Raw Lemon and Coconut Slice - Physio Direct NZ

Raw Lemon and Coconut Slice


250g pitted Dates

300g dried Coconut

250g Almonds

zest from one Lemon

juice from one Lemon

1tsp. Honey

1 tsp. Sesame Seeds

  1. Place lemon zest and almonds in a blender and blend on high speed for 10 seconds or until chopped into small pieces.
  2. Add chopped dates, lemon juice, honey, water and sesame seeds and blend for a further 2 minutes.
  3. Once ingredients are blended evenly, add coconut and mix together in a mixing bowl by hand until all ingredients are combined.
  4. Line a baking tray with baking paper and spoon the mixture into the tray. Flatten the mixture out so that it is spread evenly in the tray.
  5. Sprinkle with coconut and refrigerate for at least one hour before serving.

Cut into squares and serve.

MCL Injuries (Medial Collateral Ligament) - Physio Direct NZ

MCL Injuries (Medial Collateral Ligament)


Your knee moves freely backwards and forwards; however the thought of it moving from side to side probably makes you cringe. This is because the knee joint has sturdy ligaments either side of it that prevent sideways movement. Of course, we instinctively know that a lot of force would be required to shift it in this direction.

The ligaments on either side of the knee are called the Medial Collateral Ligament (found on the inside the knee). The Lateral Collateral Ligament (found on the outside the knee) and they each work to provide stability and restrict the knee’s movement into a sideways direction.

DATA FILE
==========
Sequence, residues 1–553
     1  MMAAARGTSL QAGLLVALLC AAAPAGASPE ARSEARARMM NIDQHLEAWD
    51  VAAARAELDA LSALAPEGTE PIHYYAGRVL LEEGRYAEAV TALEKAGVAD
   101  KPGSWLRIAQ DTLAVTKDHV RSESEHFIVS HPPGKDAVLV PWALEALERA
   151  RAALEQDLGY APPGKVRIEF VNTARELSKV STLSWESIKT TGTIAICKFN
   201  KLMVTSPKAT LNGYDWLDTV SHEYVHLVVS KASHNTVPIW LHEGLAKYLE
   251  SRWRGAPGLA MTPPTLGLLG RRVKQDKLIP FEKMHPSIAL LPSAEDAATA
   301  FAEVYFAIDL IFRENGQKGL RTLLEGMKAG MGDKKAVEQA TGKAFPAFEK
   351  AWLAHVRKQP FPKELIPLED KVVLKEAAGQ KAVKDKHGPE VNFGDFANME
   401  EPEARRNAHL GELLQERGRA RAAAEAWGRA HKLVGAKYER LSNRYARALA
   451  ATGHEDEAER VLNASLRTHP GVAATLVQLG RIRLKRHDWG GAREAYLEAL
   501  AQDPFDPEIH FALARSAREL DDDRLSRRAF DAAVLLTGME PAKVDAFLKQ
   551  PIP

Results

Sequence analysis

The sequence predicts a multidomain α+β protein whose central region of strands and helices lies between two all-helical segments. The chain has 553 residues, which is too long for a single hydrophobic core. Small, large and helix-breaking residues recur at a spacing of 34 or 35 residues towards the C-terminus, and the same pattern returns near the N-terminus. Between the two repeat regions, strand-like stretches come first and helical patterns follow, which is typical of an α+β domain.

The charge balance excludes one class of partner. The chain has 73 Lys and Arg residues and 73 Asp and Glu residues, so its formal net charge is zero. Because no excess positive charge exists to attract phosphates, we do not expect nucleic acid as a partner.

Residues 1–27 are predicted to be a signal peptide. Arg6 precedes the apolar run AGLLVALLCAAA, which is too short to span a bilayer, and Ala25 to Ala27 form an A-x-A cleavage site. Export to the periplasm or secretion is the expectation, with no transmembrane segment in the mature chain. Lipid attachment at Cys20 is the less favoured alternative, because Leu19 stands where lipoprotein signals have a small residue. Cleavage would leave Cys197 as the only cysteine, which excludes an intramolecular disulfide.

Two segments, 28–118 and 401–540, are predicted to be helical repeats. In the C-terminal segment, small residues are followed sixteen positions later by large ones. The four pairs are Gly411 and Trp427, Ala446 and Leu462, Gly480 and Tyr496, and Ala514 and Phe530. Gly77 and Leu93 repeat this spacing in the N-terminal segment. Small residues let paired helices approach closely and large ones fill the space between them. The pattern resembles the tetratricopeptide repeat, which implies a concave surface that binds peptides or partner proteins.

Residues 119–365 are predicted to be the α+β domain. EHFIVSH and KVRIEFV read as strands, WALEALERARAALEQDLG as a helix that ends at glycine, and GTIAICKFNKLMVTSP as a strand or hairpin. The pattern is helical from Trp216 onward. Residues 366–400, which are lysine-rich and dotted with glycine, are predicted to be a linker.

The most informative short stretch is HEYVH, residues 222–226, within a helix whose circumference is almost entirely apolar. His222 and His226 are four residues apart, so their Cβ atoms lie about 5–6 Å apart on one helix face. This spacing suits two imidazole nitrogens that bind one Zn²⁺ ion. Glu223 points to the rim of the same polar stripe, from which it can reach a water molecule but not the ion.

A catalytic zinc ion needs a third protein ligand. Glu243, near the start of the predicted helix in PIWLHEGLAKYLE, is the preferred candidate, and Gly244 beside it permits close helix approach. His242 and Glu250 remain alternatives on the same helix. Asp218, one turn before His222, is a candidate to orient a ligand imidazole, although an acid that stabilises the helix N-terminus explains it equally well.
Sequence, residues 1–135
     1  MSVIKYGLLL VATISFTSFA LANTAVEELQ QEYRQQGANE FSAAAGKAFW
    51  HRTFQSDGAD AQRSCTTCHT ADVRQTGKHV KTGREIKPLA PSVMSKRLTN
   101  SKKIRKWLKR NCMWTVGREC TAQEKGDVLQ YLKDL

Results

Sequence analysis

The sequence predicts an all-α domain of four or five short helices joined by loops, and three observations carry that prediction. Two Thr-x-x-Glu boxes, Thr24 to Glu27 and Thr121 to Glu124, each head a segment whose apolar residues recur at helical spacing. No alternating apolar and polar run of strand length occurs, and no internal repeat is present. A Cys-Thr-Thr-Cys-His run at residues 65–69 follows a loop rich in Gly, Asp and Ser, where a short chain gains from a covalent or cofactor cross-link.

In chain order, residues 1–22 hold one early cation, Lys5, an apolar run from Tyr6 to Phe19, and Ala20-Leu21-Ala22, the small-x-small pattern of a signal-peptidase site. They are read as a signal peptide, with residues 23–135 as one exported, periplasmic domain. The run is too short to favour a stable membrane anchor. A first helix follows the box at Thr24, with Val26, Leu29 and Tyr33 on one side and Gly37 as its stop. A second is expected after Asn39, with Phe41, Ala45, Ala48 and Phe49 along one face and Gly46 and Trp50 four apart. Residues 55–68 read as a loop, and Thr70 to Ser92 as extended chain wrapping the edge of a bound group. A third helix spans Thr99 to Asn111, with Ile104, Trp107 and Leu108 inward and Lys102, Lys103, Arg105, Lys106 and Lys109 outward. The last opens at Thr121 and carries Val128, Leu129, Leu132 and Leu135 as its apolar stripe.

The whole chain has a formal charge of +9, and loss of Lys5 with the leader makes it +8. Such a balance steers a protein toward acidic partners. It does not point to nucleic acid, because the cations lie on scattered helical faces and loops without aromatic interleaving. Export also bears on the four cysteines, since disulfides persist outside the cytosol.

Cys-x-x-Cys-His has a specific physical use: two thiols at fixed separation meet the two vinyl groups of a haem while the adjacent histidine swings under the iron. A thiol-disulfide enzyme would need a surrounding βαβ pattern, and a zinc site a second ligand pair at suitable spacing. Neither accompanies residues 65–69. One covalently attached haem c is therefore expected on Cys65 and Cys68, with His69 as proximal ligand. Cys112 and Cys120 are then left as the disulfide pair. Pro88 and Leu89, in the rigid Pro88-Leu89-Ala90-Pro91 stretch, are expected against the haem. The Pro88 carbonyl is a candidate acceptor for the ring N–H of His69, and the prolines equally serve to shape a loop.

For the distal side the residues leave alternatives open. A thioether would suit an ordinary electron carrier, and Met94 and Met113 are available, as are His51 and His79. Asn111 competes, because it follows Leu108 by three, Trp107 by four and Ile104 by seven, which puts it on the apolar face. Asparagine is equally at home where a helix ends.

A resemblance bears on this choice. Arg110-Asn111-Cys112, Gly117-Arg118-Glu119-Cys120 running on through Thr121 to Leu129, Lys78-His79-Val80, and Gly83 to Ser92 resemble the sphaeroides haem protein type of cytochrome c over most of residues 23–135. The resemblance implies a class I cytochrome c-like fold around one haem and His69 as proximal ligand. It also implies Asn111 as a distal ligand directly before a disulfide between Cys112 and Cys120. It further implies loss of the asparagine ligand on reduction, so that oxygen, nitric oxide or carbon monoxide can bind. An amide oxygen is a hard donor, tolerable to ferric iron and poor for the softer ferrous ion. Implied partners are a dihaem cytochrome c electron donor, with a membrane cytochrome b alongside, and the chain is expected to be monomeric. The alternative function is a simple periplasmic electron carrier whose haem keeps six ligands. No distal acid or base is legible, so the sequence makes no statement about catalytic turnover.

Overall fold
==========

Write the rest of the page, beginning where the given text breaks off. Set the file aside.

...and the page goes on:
The typical mechanism for this injury is a force that drives the lower leg sideways away from the upper leg. This can occur from an awkward landing from a height, or when twisting with a foot fixed on the ground or from an external force hitting the outside of the knee, such as with a rugby tackle.


MCL tears have quite a distinctive set of symptoms, with pain and swelling noticed quite specifically to the inside of the knee. The severity of the pain and swelling will be related to the number of ligament fibres damaged. Larger tears will also make the knee feel unstable or loose.

To classify the severity of the injury and help to guide treatment, a grading system is used. With grade 1 indicating that a few ligament fibres have been torn and grade 3 used for a complete tear of the ligament with associated joint laxity. Very severe MCL tears often also involve injury to the medial meniscus and ACL and can require surgical repair. However, most MCL sprains can be managed well with physiotherapy. Grade 1 and 2 MCL sprains take between 2-8 weeks to fully heal and a complete rehabilitation program is strongly recommended to prevent future injury.


In the early stages of the injury, treatment is focused on pain and swelling management, while allowing the body to start the healing process through inflammation. This is best managed thought the R.I.C.E. principles (Rest, Ice, Compression and Elevation).

Following any injury, it is natural for muscles to waste a little and the damaged tissues to lose what we call proprioception, the ability to sense their own position in space. This loss of muscle strength and proprioception can contribute to further injury if not restored with a proper rehabilitation program.

Physiotherapy also aims to restore movement to the joint and support the ligament while healing to ensure that it is strong and healthy, and the scar tissue forms in an organized fashion, which makes the new ligament as strong as it can be and protects against future tears.

None of the information in this newsletter is a replacement for proper medical advice. Always see a medical professional for advice on your individual injury.